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Maya
Siberian Husky
3 Years
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Maya
Siberian Husky
3 Years

Hello. We have always been a big dog family. We have two rescue dogs who are 12 and 13 that we’ve had pretty much their entire lives. We got Maya, our Siberian Husky, when she was 3 months old. The senior dogs never wanted to play with her (obviously). We ended up getting another husky this past October. He is an intact male about a year older than Maya. We had absolutely zero problems with them getting along. They were inseparable from the get go. In April, a storm blew our gate open and Maya and Aztec (our male husky) got out. He has yet to be found. We wanted to get Maya another playmate and companion so we adopted another Siberian Husky from our local shelter. She is a female, about a year old. Maya was excited and curious at first, but our new dog snapped at her. Since then Maya has been VERY territorial around her and they’ve been in a couple of fights which we were able to break up. I now know that we went about introducing them all wrong. In our backyard, we let Sadie (our new dog) play with Maya’s toys. We just didn’t think it would be a problem since Maya is so easy going. She’s never been aggressive towards other dogs. My question is will we be able to remedy this, or is it too late since we introduced them wrong?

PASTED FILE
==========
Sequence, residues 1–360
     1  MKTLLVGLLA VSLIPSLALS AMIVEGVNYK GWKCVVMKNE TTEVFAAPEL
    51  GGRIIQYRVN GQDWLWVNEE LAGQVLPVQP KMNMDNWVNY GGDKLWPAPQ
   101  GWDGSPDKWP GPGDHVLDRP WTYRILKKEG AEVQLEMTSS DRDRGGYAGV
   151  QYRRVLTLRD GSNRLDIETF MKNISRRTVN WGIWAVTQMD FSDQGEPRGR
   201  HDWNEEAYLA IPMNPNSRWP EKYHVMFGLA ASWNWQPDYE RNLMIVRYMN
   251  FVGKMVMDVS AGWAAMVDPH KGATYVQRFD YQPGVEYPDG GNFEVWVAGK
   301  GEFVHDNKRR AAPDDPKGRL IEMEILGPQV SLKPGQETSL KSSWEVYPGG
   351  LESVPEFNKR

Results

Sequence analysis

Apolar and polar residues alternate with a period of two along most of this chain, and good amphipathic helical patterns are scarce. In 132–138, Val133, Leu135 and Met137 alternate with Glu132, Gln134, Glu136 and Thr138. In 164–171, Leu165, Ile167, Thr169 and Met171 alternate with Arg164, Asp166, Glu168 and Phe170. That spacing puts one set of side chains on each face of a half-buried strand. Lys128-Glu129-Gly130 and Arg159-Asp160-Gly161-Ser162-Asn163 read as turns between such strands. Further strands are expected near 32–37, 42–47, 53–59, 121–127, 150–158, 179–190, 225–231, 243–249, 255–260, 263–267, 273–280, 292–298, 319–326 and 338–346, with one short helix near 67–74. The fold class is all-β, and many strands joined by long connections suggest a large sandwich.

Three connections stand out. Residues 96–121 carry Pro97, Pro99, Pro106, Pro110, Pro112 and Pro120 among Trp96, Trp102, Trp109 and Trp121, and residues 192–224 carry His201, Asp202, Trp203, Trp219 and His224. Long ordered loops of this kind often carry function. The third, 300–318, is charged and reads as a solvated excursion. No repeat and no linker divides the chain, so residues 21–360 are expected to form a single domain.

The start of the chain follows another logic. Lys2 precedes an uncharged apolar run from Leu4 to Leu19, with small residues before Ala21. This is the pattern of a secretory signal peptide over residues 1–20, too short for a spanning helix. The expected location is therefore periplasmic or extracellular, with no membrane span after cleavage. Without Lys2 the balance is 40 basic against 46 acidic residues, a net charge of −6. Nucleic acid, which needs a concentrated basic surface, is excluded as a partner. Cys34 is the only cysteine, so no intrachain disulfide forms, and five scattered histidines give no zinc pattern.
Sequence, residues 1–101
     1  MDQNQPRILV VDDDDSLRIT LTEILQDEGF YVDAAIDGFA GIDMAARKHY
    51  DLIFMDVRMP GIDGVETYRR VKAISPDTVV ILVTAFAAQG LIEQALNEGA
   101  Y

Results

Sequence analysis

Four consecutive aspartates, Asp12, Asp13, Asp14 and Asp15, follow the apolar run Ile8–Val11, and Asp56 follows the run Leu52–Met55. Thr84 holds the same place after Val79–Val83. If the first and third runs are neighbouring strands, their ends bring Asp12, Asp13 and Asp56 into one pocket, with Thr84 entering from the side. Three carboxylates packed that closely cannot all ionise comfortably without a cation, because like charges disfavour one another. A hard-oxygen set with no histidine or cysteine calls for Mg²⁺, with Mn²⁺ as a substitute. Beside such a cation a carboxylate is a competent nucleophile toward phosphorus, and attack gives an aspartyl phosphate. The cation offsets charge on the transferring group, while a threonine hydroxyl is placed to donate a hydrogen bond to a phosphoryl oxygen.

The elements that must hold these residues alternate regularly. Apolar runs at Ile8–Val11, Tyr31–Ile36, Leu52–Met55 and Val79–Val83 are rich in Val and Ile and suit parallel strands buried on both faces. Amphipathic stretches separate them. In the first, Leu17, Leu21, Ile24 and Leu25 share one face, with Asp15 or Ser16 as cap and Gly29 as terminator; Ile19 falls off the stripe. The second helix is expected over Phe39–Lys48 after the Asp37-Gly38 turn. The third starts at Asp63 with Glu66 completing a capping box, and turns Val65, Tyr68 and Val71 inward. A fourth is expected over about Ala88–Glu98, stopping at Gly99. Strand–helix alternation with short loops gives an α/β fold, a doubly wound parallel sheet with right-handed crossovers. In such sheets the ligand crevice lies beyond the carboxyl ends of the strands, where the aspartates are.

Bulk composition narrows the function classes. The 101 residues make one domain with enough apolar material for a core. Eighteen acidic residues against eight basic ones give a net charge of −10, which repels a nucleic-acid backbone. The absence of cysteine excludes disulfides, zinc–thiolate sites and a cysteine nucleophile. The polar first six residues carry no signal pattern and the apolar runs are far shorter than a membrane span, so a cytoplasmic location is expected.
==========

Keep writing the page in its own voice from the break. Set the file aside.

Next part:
Caitlin Crittenden
Caitlin Crittenden
Dog Trainer
460 Dog owners recommended